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Up Next: Birmingham

2011 September 2
by Skip Sauer

Following up on Phil’s post about the shortfall in revenues at the Braves’ minor league stadium in Gwinnett, here is a tale of financial folly that’s about to unfold in Birmingham:

City leaders last week approved agreements and incentives to lure the Birmingham Barons back to town after a two-decade run in Hoover. Mayor William Bell called the publicly funded project an engine for private development around it.

The city’s costs include nearly $60 million to build the stadium and an accompanying Negro League museum and more than $600,000 to buy out the team’s lease in Hoover if the Barons begin playing downtown as expected in 2013.

The revenue from the stadium itself won’t begin to pay those costs, and it’s not expected to, leaders said.

The Barons could gross $3.7 million a year from a contract that gives the team control of concessions and most of the ticket revenue and suite revenue, estimates Jason Klein, a California-based baseball marketing expert. Klein, of 88 Marketing, made his estimates by analyzing terms of the Barons’ lease as well as average attendance numbers for the team.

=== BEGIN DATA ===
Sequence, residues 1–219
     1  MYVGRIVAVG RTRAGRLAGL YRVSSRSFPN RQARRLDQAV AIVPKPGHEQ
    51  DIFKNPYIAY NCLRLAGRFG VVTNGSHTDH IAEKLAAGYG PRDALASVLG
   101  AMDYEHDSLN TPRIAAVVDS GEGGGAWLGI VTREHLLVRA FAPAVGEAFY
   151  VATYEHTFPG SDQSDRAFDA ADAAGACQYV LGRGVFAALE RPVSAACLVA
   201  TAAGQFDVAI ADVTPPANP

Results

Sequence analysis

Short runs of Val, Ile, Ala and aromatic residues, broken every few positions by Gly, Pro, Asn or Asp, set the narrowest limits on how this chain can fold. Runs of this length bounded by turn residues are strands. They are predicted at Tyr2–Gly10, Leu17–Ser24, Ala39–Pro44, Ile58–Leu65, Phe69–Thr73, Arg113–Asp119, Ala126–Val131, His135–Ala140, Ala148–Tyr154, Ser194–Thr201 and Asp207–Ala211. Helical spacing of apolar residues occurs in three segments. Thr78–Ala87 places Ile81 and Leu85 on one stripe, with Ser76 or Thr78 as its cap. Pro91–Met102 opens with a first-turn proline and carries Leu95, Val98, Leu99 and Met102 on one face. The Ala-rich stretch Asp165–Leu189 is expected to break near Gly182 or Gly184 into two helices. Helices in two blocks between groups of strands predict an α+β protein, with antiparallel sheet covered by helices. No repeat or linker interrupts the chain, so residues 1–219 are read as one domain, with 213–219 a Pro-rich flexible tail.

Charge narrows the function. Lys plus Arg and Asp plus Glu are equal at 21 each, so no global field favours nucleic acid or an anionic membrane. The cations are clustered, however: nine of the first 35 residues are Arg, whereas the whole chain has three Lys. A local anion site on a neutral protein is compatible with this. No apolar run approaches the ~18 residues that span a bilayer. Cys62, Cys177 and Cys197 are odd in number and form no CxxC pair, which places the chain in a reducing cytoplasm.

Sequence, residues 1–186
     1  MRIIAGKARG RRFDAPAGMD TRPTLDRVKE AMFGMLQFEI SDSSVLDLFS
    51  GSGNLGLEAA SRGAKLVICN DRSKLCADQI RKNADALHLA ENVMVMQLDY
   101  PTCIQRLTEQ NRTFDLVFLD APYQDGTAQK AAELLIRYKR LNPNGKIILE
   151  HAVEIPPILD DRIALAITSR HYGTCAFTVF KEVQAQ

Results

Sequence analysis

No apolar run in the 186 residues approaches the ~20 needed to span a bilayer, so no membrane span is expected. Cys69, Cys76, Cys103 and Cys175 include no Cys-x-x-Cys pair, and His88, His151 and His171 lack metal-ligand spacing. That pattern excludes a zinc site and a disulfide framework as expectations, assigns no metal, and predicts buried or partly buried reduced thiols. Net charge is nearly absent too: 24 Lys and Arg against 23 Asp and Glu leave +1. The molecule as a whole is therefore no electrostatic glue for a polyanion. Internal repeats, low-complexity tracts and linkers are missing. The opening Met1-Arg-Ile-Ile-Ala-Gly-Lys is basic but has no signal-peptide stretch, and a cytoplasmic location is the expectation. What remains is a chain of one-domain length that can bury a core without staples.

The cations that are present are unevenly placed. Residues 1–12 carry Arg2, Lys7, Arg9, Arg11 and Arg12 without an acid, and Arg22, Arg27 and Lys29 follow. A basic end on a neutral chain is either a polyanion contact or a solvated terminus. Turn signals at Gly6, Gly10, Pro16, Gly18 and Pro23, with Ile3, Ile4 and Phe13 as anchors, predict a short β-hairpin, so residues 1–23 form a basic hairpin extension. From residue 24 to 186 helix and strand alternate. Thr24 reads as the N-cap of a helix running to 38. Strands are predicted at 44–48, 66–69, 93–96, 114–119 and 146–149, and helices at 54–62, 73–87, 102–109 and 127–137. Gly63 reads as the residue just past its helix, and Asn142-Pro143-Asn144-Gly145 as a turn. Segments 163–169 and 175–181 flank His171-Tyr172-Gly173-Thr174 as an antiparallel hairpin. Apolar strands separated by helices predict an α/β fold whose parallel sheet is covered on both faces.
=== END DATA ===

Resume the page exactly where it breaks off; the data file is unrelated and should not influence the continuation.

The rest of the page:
The city stands to earn about $315,000 annually from the revenue-sharing agreement with the team, according to Klein’s estimates. The city also will receive $400,000 a year in rent.

As the article notes, the projected cost for Birmingham’s stadium is $60 million, substantially higher than the typical minor league ballpark, and about the same as the stadium for the Gwinnett Braves.  JC Bradbury predicted the outcome in Gwinnett before the ground was broken.  Is there any reason to believe the outcome in Birmingham will be any different?  I don’t think so.

2 Responses
  1. Phil Miller permalink
    September 2, 2011

    One thing we can do here at TSE is keep posting these types of stories as they continue to crop up.

  2. Dan permalink
    September 3, 2011

    Hopefully everyone at Corporate Realty Development will read the privately funded study on the stadium. I’ve said it before but these studies and economic impact reports all use the same assumptions and just change a few multipliers to get the numbers they want. They can take old reports and do a find and replace a few times and charge $350,000 to a minor league city (and $3,500,000 to a major league city). The politicians wave the report as justification for the boondoggle and both politicians and consultants are long gone when the crap hits the fan. Ask the people of Cincinnati who is being held accountable for the costs to their city for their football stadium.

    If the person responsible for the cut and paste in the Birmingham study was sloppy, the name Gwinnett is probably still in the report.

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